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Middle Eastern country lying between India, Pakistan, and Russia. Jews have lived in Afghanistan since before the destruction of the Second Temple in 70 B.C.E. There is a legend that they are descended from the Ten Lost Tribes. Little is known about the history of the Jewish community there, except that Jews have always been second-class citizens under the medieval despotism prevailing in Afghanistan. Until 1914, they were forced to live in sealed ghettos. After 1914, there was a brief period during which abuse was curtailed and their situation improved. However, in the early 1930’s, largely under the influence of several hundred German technicians working in the country, discriminatory measures were renewed. Jews were required to obtain special permits for travel, forbidden to write letters abroad, excluded from the civil service and most of the professions, banned from commerce, expelled from rural areas, and confined to the cities of Kabul, Herat, and Balkh. By the end of World War II, the number of Jews in Afghanistan had been reduced from about 12,000 to 5,000, largely through illegal emigration.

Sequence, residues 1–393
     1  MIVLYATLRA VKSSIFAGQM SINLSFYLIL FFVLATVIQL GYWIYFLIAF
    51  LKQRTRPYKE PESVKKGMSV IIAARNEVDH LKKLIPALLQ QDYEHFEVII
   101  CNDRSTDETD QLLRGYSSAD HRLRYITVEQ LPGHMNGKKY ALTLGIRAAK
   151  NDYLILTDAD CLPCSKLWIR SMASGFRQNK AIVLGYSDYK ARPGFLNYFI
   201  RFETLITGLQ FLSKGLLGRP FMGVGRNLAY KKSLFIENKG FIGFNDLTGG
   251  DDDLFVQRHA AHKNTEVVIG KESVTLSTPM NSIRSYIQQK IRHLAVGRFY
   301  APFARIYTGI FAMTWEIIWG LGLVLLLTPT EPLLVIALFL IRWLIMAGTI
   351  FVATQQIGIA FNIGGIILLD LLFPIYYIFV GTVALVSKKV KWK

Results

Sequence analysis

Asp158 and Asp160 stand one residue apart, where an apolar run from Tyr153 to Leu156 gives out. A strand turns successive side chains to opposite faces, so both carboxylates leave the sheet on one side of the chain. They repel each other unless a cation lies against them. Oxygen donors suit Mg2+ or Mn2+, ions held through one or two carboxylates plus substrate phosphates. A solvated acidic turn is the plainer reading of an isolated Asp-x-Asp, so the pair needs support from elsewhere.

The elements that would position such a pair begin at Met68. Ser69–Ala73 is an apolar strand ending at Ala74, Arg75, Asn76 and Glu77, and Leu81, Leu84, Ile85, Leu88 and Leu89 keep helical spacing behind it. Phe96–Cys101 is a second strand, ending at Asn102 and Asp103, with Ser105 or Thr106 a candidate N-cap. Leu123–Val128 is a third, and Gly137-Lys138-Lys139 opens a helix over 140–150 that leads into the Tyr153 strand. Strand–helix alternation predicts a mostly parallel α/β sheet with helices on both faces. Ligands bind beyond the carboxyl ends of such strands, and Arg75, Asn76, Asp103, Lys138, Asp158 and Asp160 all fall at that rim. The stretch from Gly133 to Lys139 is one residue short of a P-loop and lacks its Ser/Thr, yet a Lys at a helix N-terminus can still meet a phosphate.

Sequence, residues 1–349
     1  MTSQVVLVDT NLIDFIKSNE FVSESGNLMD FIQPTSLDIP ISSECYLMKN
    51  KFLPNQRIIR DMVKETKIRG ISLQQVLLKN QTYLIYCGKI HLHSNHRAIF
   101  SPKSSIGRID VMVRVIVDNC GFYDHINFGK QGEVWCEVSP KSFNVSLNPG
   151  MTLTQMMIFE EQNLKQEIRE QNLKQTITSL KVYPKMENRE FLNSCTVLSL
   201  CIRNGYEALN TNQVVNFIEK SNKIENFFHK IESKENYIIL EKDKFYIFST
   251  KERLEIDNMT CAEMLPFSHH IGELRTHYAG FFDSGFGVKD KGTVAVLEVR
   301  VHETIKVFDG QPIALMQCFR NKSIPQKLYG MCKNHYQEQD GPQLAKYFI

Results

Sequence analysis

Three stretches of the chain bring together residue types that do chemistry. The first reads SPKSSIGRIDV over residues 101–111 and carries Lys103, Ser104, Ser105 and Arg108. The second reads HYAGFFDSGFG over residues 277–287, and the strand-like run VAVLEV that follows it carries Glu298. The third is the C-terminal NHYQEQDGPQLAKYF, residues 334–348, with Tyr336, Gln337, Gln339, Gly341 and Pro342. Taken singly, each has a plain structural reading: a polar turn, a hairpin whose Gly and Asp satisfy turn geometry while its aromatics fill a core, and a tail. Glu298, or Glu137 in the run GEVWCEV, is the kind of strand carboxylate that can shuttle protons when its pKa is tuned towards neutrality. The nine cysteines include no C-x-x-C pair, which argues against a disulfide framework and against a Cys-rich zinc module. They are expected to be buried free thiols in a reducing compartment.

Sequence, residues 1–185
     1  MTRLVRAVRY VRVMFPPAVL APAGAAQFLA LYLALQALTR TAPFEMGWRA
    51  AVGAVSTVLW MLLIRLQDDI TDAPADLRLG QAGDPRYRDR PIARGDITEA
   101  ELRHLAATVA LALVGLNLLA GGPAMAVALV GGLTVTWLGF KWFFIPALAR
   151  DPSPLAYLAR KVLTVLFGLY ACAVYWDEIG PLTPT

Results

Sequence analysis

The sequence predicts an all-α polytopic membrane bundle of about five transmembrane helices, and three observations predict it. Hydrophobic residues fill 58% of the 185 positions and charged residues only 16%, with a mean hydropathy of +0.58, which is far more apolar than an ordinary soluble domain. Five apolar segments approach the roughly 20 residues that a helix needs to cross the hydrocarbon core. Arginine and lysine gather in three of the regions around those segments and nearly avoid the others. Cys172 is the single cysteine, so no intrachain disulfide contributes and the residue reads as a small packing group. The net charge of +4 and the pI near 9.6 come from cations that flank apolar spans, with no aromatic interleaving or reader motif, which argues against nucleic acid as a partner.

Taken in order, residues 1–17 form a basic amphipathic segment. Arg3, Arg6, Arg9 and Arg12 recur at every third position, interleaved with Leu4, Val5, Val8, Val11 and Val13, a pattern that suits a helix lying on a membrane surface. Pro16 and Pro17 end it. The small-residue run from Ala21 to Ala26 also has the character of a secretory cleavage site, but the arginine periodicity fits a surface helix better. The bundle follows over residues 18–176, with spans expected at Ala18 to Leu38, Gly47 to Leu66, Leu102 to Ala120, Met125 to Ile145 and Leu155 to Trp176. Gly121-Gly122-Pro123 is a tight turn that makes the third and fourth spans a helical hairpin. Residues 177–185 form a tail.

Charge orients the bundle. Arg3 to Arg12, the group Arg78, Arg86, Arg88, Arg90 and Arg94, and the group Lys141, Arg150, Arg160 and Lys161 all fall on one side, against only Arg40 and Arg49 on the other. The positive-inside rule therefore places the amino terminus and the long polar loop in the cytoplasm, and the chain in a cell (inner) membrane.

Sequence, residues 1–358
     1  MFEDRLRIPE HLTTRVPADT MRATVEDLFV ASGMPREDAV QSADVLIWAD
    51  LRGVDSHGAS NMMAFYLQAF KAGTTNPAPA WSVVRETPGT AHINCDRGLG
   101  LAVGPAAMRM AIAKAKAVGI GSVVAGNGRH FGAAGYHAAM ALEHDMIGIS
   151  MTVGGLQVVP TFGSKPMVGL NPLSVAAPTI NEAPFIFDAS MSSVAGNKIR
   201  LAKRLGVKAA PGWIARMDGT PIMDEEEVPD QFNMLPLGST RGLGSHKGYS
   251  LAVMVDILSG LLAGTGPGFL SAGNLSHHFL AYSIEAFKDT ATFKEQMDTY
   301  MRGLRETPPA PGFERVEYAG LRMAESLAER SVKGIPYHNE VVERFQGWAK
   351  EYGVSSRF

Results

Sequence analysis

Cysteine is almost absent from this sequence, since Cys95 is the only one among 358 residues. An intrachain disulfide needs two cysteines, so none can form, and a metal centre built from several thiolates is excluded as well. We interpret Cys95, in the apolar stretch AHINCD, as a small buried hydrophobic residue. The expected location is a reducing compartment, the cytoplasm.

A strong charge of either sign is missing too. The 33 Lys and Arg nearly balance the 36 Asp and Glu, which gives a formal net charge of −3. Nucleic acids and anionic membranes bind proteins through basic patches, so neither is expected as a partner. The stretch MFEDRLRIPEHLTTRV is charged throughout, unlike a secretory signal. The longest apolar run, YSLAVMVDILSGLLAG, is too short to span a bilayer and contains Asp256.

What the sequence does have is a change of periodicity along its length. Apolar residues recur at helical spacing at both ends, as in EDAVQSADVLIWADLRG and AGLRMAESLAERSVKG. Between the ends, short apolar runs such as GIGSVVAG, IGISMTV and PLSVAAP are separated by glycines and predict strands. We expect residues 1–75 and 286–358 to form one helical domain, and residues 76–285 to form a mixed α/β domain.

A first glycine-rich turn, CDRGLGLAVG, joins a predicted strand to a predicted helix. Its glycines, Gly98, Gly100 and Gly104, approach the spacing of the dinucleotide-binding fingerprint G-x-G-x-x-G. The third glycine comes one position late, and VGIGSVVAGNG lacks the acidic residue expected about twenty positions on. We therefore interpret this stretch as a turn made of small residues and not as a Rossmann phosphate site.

In 1948, with the establishment of the State of Israel, the majority of Afghanistan Jewry expressed the desire to emigrate, but the government obstructed their emigration. Between 1949 and 1970, approximately 4,200 Afghan Jews reached Israel. In 1993, there were fewer than 100 Jews in the country.

By the end of 2004, only two Jews were left in Afghanistan, Zebulon Simentov and Isaac Levy (Born ca. 1920). In January 2005, Levy died. Simentov, now the last remaining Jew in Afganistan, is trying to recover confiscated Torah scrolls.

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